Airbnb is denying claims by Israel’s tourism minister that the company was going to reverse its November decision to remove listings in illegal Israeli settlements in the occupied West Bank.
Tourism Minister Yariv Levin said in a Facebook post on Monday that following meetings with Israeli government officials, Airbnb would not be implementing its November decision. He hailed the move as a “step in the right direction.”
Several Israeli media outlets also made similar claims, quoting a Hebrew statement sent out by an Israeli Airbnb representative that said “our policy will not be implemented.”
But in a statement released later on Monday afternoon, Airbnb said the comments were “inaccurate,” adding that the company is “developing the tools needed to implement our policy and that process includes continuing our dialogue with the Government of Israel and other stakeholders.”
In the statement, Airbnb also expressed its “unequivocal rejection of the BDS movement” (Boycott, Divestment and Sanctions) and its “commitment to develop its business in Israel.”
Airbnb announced on November 19th that it would be removing some 200 listings in illegal Israeli settlements in the occupied West Bank.
At the time, Airbnb said in a statement that “we concluded that we should remove listings in Israeli settlements in the occupied West Bank that are at the core of the dispute between Israelis and Palestinians.”
“Many in the global community have stated that companies should not do business here because they believe companies should not profit on lands where people have been displaced,” the statement said.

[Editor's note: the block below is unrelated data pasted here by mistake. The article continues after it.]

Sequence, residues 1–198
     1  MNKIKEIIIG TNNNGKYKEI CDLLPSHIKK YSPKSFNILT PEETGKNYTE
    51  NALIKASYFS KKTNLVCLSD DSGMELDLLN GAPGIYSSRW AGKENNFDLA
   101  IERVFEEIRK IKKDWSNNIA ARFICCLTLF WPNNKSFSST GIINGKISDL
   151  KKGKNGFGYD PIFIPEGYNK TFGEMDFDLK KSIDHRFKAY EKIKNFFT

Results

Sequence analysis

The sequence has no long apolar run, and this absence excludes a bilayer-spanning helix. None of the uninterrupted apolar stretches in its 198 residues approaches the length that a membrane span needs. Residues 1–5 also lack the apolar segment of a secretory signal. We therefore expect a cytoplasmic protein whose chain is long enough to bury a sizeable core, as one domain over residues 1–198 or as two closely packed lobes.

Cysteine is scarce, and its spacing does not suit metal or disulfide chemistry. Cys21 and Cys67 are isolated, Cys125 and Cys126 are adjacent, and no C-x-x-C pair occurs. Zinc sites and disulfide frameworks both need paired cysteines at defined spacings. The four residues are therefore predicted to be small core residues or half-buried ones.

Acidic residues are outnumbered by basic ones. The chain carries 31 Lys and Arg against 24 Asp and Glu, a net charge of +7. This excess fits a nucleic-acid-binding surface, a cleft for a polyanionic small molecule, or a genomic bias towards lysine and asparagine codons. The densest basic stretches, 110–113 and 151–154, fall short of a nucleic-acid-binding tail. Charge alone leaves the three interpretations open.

Since the November decision, Airbnb has face major backlash from Israel and its supporters, accusing the company of anti-Semitism and discrimination.
According to reports, Airbnb is now facing threats of boycotts from several US cities, and several U.S. states are researching whether the company has broken state laws by prohibiting the listings in settlements.
Tourism Minister Levin threatened at the time to take legal action against the company in both the US and Israel, and said that his ministry was preparing immediate measures to limit Airbnb’s activities across Israel.
Earlier this month, Mondoweiss learned that Palestinians in the West Bank were being prevented from posting new listings on the website.
Both a US and Israeli customer service representative told Mondoweiss at the time that as per company orders, they were not approving any listing requests coming out of the West Bank — both Palestinian and Israeli alike.
Airbnb has not responded to several requests for comment from Mondoweiss.
An estimated 500,000 – 600,000 Israeli settlers live in settlements and outposts across the occupied West Bank, East Jerusalem, and Golan Heights. Those settlements are considered illegal under international law.
Airbnb and other rental companies like it have long been criticized by the BDS movement for their activities in settlements and for profiting off the occupation.
Israeli settlements, many of which are built on privately-owned Palestinian land, are seen as a major obstacle to peace in the region.
Despite the changes happening to Airbnb’s operations in the “disputed territory” of the West Bank, the company has continued to operate in Israeli occupied East Jerusalem and the Golan Heights.